Eating on a budget: cooking at home can save you a lot

Going out to eat may be super fun and pleasant, but how much of your hard-earned income are you spending just for the entertainment value? Home cooking is a good alternative to save money, but be mindful not to waste your food or money.

Plan your meals

Right at the beginning of the week, think about every meal for the next seven days. Write out a grocery list of everything you need before you go shopping. This will keep you from making multiple trips to the store and will save you a lot of money, since you’ll avoid compulsive purchases.

Bringing other people shopping with you, especially kids, can be a trap. Everyone will want something different and you will end up buying more than you should. Avoid those distractions and stick to the list!

Pack a lunch

When you’re making dinner, think about what you’re going to eat for lunch the next day. Reserve some of what you cook and put it in a container and pack the dressing separately. This can save you some money and time throughout the day.

Change the way you cook and what you cook

Tougher cuts of beef and pork are a lot cheaper than steaks and chops but they do require more time. The best way to cook tougher cuts of meat? Cook them slowly over low heat, typically for 3 or more hours, often in liquid (Braising), to make them melt-in-your-mouth tender. Depending on the size, you can even leave them cooking overnight.

Cook less meat, in general

Besides being one of the most expensive items on your grocery list, it’s not healthy to eat a lot of it. If you’re eating meat for dinner, aim for it to take up no more than one-quarter of your plate (~3 oz. cooked). Fill half of the plate with vegetables and the final quarter with a whole grain. Eating less meat is better for both your health and your budget.

Big cuts or packages of meat

Big cuts or packages of meat tend to be cheaper. Because you aren’t going to use it all for one single meal, try to use the same variety for several different meals over the week. If you can’t use all the meat within the week, you can portion and freeze any of it that is left.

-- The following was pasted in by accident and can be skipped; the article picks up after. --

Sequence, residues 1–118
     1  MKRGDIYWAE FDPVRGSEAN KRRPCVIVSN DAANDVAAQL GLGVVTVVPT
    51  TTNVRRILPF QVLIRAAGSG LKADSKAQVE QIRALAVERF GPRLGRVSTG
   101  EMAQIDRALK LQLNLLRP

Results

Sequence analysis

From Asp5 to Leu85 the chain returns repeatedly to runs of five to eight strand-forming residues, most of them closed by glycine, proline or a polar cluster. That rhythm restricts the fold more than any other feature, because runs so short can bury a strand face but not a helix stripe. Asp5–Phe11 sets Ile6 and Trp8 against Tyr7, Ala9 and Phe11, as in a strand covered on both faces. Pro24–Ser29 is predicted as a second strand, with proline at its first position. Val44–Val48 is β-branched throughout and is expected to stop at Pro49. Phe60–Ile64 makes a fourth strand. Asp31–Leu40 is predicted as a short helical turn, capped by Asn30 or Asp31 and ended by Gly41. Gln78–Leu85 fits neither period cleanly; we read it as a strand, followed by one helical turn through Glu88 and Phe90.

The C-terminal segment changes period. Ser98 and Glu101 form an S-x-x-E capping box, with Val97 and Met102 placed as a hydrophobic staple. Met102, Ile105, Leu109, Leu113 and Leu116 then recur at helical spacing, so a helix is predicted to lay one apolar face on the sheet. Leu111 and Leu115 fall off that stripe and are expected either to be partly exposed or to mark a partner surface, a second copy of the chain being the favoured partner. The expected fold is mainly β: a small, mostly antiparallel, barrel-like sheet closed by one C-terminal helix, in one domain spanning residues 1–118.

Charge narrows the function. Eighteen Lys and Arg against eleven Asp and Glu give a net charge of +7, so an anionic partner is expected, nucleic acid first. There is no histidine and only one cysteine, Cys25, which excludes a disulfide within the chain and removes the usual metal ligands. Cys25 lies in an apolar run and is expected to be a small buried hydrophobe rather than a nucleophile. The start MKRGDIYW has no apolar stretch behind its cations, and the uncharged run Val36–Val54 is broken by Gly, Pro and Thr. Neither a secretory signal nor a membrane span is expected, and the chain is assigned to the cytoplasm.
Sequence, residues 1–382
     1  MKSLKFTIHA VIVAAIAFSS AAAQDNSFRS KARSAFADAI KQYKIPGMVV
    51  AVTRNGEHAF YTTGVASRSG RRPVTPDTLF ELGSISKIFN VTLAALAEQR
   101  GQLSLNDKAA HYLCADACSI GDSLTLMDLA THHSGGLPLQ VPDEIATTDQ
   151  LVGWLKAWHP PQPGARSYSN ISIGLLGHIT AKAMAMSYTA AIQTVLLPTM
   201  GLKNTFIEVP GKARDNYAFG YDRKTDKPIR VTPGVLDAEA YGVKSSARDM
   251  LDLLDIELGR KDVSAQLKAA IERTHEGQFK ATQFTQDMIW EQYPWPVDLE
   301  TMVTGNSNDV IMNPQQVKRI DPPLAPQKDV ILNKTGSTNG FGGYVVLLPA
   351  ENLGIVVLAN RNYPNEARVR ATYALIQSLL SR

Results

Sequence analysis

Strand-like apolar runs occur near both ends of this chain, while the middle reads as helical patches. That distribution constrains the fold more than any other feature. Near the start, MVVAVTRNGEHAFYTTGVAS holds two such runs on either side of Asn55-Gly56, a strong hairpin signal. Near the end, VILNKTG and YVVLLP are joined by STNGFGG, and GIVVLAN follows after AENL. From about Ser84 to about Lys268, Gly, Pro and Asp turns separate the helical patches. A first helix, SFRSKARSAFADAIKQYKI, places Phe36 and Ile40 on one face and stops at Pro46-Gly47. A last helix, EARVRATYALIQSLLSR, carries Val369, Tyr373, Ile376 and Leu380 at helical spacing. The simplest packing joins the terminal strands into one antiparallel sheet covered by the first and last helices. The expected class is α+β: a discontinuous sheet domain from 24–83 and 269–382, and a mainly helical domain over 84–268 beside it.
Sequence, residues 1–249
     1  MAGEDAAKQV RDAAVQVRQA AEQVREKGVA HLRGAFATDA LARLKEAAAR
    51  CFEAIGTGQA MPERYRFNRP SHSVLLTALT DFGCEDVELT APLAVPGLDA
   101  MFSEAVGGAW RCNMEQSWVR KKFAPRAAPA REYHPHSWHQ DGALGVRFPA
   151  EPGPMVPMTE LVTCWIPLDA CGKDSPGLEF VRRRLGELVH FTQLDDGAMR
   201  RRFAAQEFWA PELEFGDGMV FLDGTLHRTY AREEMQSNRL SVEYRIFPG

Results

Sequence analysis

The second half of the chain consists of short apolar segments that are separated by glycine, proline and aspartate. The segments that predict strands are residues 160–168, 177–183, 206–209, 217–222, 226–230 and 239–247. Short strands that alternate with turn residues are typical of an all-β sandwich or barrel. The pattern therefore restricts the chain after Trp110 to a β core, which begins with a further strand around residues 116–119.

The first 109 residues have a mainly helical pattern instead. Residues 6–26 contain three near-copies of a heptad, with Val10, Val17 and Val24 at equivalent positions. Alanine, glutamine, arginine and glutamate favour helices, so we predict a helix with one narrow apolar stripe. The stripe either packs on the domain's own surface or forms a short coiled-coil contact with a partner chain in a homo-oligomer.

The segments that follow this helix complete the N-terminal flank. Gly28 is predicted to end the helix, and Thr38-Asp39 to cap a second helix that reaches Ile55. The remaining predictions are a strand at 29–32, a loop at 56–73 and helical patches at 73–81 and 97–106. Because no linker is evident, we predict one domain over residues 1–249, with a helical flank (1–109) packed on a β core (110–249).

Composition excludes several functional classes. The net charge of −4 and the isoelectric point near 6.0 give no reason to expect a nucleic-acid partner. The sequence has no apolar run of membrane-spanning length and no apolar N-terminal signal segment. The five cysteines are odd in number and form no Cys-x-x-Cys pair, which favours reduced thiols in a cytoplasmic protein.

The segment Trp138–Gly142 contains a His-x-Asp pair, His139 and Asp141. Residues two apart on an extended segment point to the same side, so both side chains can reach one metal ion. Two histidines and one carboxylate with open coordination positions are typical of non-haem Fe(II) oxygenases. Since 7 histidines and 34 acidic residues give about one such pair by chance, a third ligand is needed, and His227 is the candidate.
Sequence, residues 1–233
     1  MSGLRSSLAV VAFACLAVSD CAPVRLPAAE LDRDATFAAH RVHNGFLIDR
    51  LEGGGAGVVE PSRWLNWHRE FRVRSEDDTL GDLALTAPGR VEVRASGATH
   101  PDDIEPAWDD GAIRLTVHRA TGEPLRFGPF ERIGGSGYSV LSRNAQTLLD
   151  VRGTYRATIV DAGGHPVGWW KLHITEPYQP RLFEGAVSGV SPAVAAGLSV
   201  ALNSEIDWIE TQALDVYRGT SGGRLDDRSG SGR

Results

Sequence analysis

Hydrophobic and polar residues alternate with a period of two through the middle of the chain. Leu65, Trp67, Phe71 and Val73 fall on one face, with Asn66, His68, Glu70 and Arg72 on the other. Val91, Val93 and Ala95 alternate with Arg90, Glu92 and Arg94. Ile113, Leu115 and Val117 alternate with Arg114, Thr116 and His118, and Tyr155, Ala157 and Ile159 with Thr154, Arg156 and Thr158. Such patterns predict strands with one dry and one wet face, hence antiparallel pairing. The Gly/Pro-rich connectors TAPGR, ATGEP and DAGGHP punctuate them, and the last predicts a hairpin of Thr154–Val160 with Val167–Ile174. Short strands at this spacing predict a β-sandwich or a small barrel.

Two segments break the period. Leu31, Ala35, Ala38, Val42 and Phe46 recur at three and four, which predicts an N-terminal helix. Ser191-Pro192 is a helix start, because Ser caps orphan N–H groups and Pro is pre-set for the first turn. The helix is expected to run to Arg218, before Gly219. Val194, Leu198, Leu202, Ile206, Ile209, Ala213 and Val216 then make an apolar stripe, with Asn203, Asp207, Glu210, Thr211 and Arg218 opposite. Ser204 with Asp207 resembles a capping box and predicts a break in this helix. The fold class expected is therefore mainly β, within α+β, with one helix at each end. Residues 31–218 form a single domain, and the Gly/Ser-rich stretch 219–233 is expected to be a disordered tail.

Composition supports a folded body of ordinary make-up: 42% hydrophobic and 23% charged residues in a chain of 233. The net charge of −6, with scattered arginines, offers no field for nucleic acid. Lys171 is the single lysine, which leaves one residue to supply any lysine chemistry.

Cook dried beans instead of buying canned

Usually canned food has a lot of sodium and that’s not good for you. When you buy dried beans or other fresh ingredients, you can cook them the way you want. It may require a little more preparation, but it’s worth the extra effort because you get a better deal out of it.

Cook and serve the right sized portions

When you serve big portions, part of that food tends to end up in the garbage. Pay attention to what your family throws away after meals and snacks. Adjust their portions accordingly, so you are giving them what they usually finish eating. They can always ask for a second helping if they are still hungry. According to nutrition experts a healthy serving of cooked meat is 3 ounces, or 4 ounces raw. That’s only about one-quarter of area on your plate. However, if you don’t have enough time for cooking every day, you can cook your meals in big batches and portion out the leftovers to keep in the fridge or freeze to reheat for the rest of the week.

Reduce your processed foods

Many stores cut, package, and mark up the price of some products. Buy these items whole and cut them yourself. It’s not that time consuming. Besides the price, sweets such as cookies and candy have too much sugar, and lunch meat, cheese, and other packaged meals have too much sodium in them. You should have a better understanding of what you’re ingesting.

Memberships and discount cards

Sign up for store memberships or discount cards and compare the prices for different items at different stores. Many stores will often run sales on their merchandise. Remember: there is nothing wrong with not having a brand loyalty. It gives you more options and allows you to find both cheaper and better products.

Don’t pay extra for packaging

Besides being better for the environment, refusing to buy pre-packaged products will save you a lot of money. For example, spices can be much cheaper if they are not bought in glass/plastic containers. You’re paying extra for the packaging, not the product.

Repurpose as much food as you can

You can transform stale bread into toast, rice from the day before into a casserole, vegetable stalks into delicious soups or mix in with rice or pasta. The possibilities are infinite! Make good use of the food that you buy, avoid waste and save money.

Cook wisely

Take a look at what you already have on hand in your kitchen. If you already have food at home, why buy more? Make it a goal to use up most of what you have in your pantry or refrigerator before you go shopping, and you’ll find yourself wasting less food.

Home cooking can be cheaper than you could ever imagine. Understand the value of the food you buy and cook it wisely. Take the money you save and invest it back into your life!